As already mentioned, Peter’s fearful response to Jesus was quite appropriate.  It was appropriate because Jesus is not just another fishing buddy in the boat who caught a whooper.  Indeed, Jesus is not a fishing buddy in a boat, running the trolling motor, while tossing you a beer and saying, 
“I heard this joke down at the diner the other day. You want to hear it?”  


Jesus is the Son of God!  He is the God-Man.  In Him, all things in heaven and on earth were created.  He has authority over life, death, sin, the Devil – and yes – even fish.  Therefore, he should be feared.

But we don’t like to fear Christ, do we? We especially resist this fear of God in America because we like to keep our Christianity casual and informal.  Besides, in our reading from the Gospel of Luke, Jesus told Peter to, “Fear not!” – right?

Ah, but this is where we must be extremely careful.  When Jesus tells Peter to fear not, He is not telling Peter to relax and become casual.  In other words, when Jesus saw Peter on his knees crying out in fear and repentance of sins, Jesus does not say,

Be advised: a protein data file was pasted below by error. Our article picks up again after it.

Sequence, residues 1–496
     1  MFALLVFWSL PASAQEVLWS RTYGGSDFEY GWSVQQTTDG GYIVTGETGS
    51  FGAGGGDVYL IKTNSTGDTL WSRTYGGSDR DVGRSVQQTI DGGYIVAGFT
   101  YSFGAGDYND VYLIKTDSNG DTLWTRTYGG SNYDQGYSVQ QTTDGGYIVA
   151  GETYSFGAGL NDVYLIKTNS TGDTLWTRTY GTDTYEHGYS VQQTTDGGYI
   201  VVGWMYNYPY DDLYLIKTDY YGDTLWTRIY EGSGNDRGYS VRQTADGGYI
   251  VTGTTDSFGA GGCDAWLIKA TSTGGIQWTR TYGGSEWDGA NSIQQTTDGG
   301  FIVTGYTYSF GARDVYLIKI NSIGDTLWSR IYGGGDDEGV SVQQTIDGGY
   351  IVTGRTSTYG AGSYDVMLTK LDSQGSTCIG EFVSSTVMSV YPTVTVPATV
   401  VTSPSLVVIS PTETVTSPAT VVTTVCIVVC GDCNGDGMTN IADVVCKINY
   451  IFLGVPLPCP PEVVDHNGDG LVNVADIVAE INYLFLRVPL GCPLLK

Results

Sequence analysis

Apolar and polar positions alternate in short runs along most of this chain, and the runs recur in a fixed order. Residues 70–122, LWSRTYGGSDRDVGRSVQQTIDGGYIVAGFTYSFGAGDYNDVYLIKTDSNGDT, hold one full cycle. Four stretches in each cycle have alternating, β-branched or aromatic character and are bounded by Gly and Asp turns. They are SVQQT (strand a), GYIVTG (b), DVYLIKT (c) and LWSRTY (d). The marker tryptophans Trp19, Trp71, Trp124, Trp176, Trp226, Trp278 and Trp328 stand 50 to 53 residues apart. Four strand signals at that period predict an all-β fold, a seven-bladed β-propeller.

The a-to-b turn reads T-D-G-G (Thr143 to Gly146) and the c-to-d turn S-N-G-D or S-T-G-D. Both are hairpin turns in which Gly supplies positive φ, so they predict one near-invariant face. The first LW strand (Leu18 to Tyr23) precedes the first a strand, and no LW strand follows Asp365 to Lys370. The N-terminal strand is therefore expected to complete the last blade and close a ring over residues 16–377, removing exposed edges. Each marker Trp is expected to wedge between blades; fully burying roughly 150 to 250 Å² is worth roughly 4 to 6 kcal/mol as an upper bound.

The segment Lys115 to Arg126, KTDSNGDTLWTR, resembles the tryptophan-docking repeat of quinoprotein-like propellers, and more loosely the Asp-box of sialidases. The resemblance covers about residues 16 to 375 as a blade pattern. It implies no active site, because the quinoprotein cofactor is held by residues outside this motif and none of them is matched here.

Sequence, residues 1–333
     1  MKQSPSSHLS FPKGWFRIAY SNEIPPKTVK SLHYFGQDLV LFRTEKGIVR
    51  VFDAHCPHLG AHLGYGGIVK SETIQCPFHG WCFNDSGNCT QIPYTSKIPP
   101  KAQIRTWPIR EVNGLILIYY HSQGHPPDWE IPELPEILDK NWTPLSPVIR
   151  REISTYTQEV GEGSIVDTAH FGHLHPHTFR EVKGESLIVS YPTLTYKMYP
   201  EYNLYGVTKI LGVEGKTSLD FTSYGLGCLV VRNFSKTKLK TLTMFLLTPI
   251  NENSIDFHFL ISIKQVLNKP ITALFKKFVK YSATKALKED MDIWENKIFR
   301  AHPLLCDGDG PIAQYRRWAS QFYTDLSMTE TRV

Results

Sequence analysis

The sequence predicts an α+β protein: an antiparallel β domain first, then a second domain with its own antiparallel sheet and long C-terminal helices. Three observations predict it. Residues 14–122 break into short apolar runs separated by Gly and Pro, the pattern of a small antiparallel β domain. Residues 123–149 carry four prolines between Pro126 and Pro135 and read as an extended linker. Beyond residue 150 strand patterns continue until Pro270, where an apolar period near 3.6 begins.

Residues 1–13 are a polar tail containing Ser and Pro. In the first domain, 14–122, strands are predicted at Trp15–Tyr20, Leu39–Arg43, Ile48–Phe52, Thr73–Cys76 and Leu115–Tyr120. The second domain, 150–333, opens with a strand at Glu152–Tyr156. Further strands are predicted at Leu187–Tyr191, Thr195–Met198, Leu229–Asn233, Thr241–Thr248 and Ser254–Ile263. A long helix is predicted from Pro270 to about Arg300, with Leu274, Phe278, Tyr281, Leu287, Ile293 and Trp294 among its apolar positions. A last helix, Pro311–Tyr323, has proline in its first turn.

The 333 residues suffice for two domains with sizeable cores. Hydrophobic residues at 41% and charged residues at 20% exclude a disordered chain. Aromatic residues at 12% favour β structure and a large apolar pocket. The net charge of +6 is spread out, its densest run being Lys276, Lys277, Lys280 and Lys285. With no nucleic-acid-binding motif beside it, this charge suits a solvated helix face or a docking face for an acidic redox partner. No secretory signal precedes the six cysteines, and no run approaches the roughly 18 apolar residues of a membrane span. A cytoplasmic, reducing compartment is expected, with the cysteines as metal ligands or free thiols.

“Do not fear Peter, for I am going to put my holiness and majesty away because it seems to have upset you!  Do not fear Peter – my bad – sorry that I displayed too much of my power and divinity before you.  I will chill out and be a little more casual from now on, so you don’t have to be frightened.”  

Dear friends, Jesus does not do any of this, but instead, He addresses Peter personally and comforts him with gracious forgiveness, comfort, and help.  

The point that is being made is that we American Christians dislike the idea of having something controlling over top of us. We like to feel as if we are masters and commanders of our lives – free to choose and do whatever we want.  We do not like to feel small and out of control, because that creates fear.  And so, we try to diminish the holiness, majesty, and divine power of Christ by striving to be informal and casual.  In our minds, informal and casual are good – they make things manageable and comforting.  Informal and casual offset fear. And nobody likes how uncomfortable fear is.

We see this everywhere in the American Church and are guilty of it ourselves. The pastor in the pulpit with a Hawaiian shirt instead of an alb and chasuble vestments? Casual. Church architecture that avoids high vaulted ceilings and long rows of pews but embraces low ceilings and wide rows of theater seating? Informal.  Church music that sounds like a pop love song instead of a majestic symphony?  Comfortable.  And cartoon graphics and mushy fonts in church publications?  Squishy.  Frankly stated, we are often more afraid of being fearful of God than Godly fear itself.